Werewolves aren’t the only creatures reputed to get a little crazy under a full moon. Lots of species are especially active when the moon is full—elk included. And the moon is full 12 times a year, unless it’s a year with a “blue moon” when one lucky month boasts two. Two full moons can occur in any month except for February, which is shorter than the 29.53-day lunar cycle, even on a leap year.
Whether the official number is 12 or 13 per year, each full moon gives elk a chance to cut loose. Biologists have observed that during the full moon phase elk are particularly active at night because they can see better to feed and spot predators more easily. This full moon confidence boost means that they stay out all night instead of foraging in just the early mornings and late evenings. The result is akin to an elk hangover—especially during the rut. By the time the sun replaces the moon, elk are exhausted and overindulged to the point they stay bedded down until night rolls around again. This can be a serious downer for hunters hoping to catch elk out and about during daylight hours.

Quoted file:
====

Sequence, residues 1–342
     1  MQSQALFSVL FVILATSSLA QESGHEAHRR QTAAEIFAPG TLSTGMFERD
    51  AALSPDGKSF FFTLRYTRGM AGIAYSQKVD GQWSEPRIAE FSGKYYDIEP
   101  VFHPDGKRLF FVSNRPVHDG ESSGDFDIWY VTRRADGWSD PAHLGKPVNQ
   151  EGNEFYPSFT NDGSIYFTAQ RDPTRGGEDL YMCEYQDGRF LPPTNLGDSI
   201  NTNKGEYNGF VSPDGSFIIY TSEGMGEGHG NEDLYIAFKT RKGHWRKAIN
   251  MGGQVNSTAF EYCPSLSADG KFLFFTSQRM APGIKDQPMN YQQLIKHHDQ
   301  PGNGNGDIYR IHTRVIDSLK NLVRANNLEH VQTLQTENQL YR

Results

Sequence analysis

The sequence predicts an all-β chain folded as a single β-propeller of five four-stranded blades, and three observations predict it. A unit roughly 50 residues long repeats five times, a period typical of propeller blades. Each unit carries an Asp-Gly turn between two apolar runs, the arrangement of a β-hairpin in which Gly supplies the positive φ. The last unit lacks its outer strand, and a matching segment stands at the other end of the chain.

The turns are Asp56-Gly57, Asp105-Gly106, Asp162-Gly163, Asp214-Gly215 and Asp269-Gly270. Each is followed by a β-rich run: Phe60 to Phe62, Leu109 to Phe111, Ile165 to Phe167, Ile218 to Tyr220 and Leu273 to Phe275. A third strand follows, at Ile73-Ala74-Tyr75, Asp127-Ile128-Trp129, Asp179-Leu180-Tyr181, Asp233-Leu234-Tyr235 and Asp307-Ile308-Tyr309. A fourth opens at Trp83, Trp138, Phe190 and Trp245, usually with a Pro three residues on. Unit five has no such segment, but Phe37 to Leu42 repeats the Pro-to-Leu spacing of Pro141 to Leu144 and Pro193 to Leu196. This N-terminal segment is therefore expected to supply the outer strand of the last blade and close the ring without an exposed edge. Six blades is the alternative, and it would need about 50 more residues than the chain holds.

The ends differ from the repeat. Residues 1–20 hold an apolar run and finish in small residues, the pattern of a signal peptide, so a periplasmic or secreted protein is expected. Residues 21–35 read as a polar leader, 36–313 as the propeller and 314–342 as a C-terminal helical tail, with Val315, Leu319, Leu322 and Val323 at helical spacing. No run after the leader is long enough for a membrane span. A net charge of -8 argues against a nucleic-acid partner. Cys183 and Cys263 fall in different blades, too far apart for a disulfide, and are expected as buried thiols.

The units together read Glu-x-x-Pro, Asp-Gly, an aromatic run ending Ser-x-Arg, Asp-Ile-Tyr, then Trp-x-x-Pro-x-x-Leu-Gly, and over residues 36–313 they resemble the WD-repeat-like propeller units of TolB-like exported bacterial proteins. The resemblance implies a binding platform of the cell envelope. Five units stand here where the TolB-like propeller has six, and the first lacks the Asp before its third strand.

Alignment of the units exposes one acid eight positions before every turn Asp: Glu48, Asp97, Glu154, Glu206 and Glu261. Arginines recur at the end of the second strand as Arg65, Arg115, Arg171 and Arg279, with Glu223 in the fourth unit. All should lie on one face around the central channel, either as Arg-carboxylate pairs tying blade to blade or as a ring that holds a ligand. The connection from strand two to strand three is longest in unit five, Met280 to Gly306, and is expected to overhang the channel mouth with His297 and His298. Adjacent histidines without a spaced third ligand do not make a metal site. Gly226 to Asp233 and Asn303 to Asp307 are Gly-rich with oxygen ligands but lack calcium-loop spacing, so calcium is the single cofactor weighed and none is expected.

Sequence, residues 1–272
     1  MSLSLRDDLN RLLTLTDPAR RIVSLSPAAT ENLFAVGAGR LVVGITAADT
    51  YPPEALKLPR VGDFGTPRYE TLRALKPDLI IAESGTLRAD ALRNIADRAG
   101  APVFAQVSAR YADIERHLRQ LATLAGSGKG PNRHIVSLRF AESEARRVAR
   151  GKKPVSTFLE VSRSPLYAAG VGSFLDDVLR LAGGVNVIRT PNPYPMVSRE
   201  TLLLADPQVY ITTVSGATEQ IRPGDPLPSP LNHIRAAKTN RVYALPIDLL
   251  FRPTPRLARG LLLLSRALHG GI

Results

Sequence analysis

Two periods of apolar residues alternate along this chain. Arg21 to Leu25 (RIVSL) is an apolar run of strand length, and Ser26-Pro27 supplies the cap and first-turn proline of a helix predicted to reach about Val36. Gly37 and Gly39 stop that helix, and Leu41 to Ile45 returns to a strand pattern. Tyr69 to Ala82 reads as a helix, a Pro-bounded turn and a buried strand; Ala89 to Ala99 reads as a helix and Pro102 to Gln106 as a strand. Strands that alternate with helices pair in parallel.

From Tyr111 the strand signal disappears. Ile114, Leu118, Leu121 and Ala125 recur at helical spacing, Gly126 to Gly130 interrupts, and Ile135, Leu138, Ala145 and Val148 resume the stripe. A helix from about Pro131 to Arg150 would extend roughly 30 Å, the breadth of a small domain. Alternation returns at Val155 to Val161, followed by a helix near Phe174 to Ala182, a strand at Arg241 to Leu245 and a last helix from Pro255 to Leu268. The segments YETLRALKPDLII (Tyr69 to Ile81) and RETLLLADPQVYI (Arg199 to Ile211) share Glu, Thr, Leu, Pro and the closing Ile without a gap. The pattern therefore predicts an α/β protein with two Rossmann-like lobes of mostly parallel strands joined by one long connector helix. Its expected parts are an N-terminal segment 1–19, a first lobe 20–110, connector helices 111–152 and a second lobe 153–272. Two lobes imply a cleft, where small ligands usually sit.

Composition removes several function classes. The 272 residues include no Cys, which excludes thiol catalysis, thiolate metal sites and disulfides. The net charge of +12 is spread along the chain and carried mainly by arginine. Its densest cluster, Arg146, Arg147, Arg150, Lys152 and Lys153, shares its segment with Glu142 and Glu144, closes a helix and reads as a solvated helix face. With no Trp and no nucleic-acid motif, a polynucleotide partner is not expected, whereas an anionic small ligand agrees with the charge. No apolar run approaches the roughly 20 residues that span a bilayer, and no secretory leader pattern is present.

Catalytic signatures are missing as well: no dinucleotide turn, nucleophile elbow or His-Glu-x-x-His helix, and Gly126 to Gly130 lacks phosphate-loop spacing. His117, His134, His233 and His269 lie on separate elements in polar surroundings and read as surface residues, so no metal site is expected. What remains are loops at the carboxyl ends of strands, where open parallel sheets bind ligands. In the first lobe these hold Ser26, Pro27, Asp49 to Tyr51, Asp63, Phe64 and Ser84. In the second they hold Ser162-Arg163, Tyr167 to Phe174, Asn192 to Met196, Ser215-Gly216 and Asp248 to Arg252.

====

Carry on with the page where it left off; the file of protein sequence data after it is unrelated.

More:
What happens when the full moon coincides with the peak of the rut? Well, to put it modestly, bulls bugle, battle and breed all night. Some data suggests that conception rates might even spike during those wild nights of uninterrupted wooing.
Photo credit: Jim Stiles